Given the popularity of poker in recent years, the game would seem to be ripe pickings for some enterprising filmmaker. Even before the World Series of Poker and the World Professional Poker Tour made Texas Hold ’em a TV sport second only to the Super Bowl, poker—seven card stud, draw poker, one-eyed jacks wild, you name it—was a weekly staple in homes and social clubs all over the country. Card rooms in the Vegas hotels might not have been bursting at the seams, but tables were filled with eager gamblers. Professional players, not yet celebrities, were notorious characters in search of the naïve unsuspecting mark. You have a popular game growing exponentially. You have a cast of interesting characters making the most of their new found fame. What better subject could a filmmaker want?
All In—The Poker Movie seizes the moment. It is a kind of rhapsody on the theme of poker. In something of a scatter shot approach, it has a little bit to say about the history of the game, pays some attention to its cultural and sociological significance, examines some of the reasons for its great growth, and talks about the problems facing the “poker” industry when the government shut down the internet gambling sites. Some elements are treated cursorily, some in greater depth, but nothing is dealt with in excessive detail. What the film does is give viewers a kind of guided tour to high spots in the world of poker.
As one might expect, it tends to focus attention on some of the more colorful denizens of that world. There is some early footage of the younger Amarillo Slim and a baby faced Stuart Unger—stars before the boom. Phil Helmuth, the “brat,” makes an appearance in Roman costume, carried in by a bevy of scantily clad cuties. Poker playing beauties like Vanessa Rousso and Isabelle Mercier get their share of screen time. Chris “Jesus” Ferguson, Daniel Negreanu and Phil “the Unabomber” Laak are all on board with commentary.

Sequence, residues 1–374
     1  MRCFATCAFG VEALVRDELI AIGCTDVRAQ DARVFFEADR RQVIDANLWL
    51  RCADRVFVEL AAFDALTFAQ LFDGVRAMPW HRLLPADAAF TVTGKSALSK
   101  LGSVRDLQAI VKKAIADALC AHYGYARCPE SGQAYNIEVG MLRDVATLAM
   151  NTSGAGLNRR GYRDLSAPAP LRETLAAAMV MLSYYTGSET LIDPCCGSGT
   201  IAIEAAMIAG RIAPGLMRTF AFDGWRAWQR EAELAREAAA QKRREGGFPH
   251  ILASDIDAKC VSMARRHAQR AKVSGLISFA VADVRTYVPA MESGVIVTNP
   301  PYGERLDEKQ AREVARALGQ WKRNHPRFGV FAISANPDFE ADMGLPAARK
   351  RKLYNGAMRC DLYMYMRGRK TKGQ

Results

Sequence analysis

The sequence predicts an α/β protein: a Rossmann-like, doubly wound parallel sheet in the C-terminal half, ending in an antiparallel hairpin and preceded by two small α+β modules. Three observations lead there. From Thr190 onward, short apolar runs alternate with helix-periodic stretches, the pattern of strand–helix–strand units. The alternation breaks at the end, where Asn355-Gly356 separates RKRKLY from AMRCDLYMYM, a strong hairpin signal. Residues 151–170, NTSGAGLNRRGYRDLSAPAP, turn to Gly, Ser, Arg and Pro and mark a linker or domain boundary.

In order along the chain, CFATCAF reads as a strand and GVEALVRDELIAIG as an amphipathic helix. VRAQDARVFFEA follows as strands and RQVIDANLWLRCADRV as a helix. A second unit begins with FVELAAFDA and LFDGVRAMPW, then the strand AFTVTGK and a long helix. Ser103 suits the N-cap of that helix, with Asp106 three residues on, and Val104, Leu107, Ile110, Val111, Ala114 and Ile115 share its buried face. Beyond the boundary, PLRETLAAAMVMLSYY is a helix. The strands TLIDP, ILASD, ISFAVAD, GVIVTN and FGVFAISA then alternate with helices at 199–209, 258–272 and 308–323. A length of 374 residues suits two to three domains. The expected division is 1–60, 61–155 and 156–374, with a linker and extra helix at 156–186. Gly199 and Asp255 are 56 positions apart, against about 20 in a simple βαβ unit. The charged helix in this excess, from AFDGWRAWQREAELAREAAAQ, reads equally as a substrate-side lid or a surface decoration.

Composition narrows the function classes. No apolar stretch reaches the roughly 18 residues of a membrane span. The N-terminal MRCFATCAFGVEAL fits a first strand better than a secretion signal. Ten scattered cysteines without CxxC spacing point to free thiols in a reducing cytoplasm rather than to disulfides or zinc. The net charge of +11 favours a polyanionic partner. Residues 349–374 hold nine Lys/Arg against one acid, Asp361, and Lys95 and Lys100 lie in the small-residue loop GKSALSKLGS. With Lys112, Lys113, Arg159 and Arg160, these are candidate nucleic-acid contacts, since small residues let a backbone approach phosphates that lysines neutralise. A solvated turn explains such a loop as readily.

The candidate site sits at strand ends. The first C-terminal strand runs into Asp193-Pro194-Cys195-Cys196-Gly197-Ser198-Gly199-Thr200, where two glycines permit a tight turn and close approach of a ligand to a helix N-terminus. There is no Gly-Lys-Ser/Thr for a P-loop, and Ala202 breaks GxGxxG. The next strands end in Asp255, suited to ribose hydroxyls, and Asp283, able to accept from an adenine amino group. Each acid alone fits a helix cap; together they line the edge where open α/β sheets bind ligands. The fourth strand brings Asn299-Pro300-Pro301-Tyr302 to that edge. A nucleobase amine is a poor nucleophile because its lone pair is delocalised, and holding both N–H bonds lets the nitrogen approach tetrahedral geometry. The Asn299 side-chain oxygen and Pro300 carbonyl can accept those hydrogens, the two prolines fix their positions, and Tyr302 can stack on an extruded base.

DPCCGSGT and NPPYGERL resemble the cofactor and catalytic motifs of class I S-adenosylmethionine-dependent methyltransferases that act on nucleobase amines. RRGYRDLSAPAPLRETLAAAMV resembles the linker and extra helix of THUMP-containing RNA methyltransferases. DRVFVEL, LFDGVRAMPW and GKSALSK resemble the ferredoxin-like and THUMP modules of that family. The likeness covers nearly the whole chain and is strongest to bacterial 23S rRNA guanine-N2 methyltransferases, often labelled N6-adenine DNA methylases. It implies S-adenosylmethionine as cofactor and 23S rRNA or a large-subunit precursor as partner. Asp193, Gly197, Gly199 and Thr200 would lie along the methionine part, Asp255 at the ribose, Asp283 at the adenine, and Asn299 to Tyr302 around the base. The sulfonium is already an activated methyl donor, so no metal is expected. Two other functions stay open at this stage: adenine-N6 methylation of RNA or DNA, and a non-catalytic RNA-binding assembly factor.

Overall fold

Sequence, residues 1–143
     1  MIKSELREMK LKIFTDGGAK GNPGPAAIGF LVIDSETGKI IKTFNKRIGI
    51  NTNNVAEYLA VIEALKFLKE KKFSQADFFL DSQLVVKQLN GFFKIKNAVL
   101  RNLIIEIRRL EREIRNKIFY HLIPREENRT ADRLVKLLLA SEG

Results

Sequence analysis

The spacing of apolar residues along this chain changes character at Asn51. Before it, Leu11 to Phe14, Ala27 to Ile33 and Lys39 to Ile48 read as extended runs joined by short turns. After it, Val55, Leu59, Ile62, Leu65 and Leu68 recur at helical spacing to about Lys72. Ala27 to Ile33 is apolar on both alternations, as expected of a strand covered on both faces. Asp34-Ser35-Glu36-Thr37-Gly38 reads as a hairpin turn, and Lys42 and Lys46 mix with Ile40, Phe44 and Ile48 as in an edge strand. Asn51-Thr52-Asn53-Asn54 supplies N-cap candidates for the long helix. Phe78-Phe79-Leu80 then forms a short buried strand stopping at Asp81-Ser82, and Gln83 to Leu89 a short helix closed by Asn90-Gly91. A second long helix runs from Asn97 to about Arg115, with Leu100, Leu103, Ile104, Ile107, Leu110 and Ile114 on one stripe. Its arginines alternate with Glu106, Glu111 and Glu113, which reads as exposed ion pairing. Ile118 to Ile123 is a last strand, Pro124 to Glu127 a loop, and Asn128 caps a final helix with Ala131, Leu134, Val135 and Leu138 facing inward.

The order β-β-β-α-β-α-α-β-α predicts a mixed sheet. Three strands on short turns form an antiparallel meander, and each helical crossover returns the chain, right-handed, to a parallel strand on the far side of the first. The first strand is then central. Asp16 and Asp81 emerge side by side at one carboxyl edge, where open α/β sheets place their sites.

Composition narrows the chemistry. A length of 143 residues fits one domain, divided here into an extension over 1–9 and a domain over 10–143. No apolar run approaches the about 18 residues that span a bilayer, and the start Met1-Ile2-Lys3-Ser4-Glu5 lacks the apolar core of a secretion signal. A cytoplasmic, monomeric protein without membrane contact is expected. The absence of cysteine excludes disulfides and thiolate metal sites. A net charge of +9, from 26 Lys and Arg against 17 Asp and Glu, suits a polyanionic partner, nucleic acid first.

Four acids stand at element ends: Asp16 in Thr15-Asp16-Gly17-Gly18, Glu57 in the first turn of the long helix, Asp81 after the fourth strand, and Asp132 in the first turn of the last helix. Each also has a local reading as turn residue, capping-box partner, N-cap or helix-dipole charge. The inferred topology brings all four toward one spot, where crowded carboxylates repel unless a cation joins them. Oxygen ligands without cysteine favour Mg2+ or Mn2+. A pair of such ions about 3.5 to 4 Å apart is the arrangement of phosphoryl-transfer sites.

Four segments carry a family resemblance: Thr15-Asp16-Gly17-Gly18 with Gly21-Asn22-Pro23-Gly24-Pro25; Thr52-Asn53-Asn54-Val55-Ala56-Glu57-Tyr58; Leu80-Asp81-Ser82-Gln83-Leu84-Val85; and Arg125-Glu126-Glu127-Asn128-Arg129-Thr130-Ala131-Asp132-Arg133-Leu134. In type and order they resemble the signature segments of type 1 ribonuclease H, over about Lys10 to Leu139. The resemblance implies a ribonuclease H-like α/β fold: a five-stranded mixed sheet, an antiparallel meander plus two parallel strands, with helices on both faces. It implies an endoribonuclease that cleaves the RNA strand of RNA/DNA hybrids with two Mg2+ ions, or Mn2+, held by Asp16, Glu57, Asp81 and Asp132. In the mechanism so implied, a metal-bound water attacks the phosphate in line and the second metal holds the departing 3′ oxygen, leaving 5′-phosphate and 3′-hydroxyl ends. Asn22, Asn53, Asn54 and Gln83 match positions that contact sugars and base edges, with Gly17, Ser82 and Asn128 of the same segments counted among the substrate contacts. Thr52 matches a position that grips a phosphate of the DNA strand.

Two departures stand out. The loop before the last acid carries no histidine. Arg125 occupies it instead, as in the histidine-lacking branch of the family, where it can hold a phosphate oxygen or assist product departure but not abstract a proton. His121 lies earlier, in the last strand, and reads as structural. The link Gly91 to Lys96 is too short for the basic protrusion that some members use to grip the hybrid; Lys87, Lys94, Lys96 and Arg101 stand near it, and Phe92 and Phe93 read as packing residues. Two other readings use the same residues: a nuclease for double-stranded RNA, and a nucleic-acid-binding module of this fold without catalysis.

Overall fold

Probably the most attention is paid to the story of Chris Moneymaker and his improbable 2003 victory in the World Series of Poker, the one event that may have been most instrumental in the game’s growth surge. Moneymaker, an ordinary accountant—although something of a compulsive gambler as he describes himself in the film—entered a satellite tournament for $39 and managed to parlay it into millions. Here was an everyman who could hang with the best professionals and beat them at their own game. “If he could do it, why not me:” this was the kind of thinking that created the boom.
In addition to the professional players, the filmmakers interview some of the more famous amateurs. Matt Damon talks about Rounders, a poker film that has become a classic despite its lack of box office success when it was originally released. NPR host, Ira Glass, talks about spending Christmas in Las Vegas playing poker. Sportswriter, Frank Deford, explains the popularity of the game, although he says he doesn’t play, and Doris Kearns Goodwin adds some intellectual heft. There are also a number of authors of books on poker, although there is no one—not the authors, not the players, not the famous amateurs—there is no one giving any advice about how to play the game.
Toward the end, the film gets political and deals with the government’s shut down of internet poker sites like Full Tilt Poker and Poker Stars for illegal gambling. Since these sites were an important source of income for most all of the logo bedecked players, it is no surprise that they view it as another example of government overreach. They seem to see it as a power play by the owners of the brick and mortar casinos using the government to get in on the profitable internet business. While there is little given in the way of evidence, it is certainly in the realm of possibility.
Poker aficionados will no doubt enjoy spending a couple of hours with All In-The Poker Movie. I would doubt they would find much in it that they don’t already know, but they will happily find their love of the game reinforced in spades. To see Chris Moneymaker bluff Johnny Chan one more time and outdraw Sammy Farha has got to be worth the price of admission.Powered by Sidelines